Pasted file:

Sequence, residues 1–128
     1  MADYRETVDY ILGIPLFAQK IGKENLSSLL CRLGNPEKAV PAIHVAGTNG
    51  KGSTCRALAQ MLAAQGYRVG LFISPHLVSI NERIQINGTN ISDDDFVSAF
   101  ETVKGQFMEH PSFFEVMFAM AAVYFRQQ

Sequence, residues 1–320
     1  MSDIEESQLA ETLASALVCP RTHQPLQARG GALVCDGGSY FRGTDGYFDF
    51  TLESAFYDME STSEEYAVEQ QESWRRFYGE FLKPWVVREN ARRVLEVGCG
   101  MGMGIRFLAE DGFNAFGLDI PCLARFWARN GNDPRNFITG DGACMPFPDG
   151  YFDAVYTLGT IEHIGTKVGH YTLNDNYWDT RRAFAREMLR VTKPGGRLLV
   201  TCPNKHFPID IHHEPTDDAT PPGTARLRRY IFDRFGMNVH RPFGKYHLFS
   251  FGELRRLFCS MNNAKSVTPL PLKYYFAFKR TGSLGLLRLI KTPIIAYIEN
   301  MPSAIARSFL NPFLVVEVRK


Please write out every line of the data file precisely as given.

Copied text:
Sequence, residues 1–128
     1  MADYRETVDY ILGIPLFAQK IGKENLSSLL CRLGNPEKAV PAIHVAGTNG
    51  KGSTCRALAQ MLAAQGYRVG LFISPHLVSI NERIQINGTN ISDDDFVSAF
   101  ETVKGQFMEH PSFFEVMFAM AAVYFRQQ

Sequence, residues 1–320
     1  MSDIEESQLA ETLASALVCP RTHQPLQARG GALVCDGGSY FRGTDGYFDF
    51  TLESAFYDME STSEEYAVEQ QESWRRFYGE FLKPWVVREN ARRVLEVGCG
   101  MGMGIRFLAE DGFNAFGLDI PCLARFWARN GNDPRNFITG DGACMPFPDG
   151  YFDAVYTLGT IEHIGTKVGH YTLNDNYWDT RRAFAREMLR VTKPGGRLLV
   201  TCPNKHFPID IHHEPTDDAT PPGTARLRRY IFDRFGMNVH RPFGKYHLFS
   251  FGELRRLFCS MNNAKSVTPL PLKYYFAFKR TGSLGLLRLI KTPIIAYIEN
   301  MPSAIARSFL NPFLVVEVRK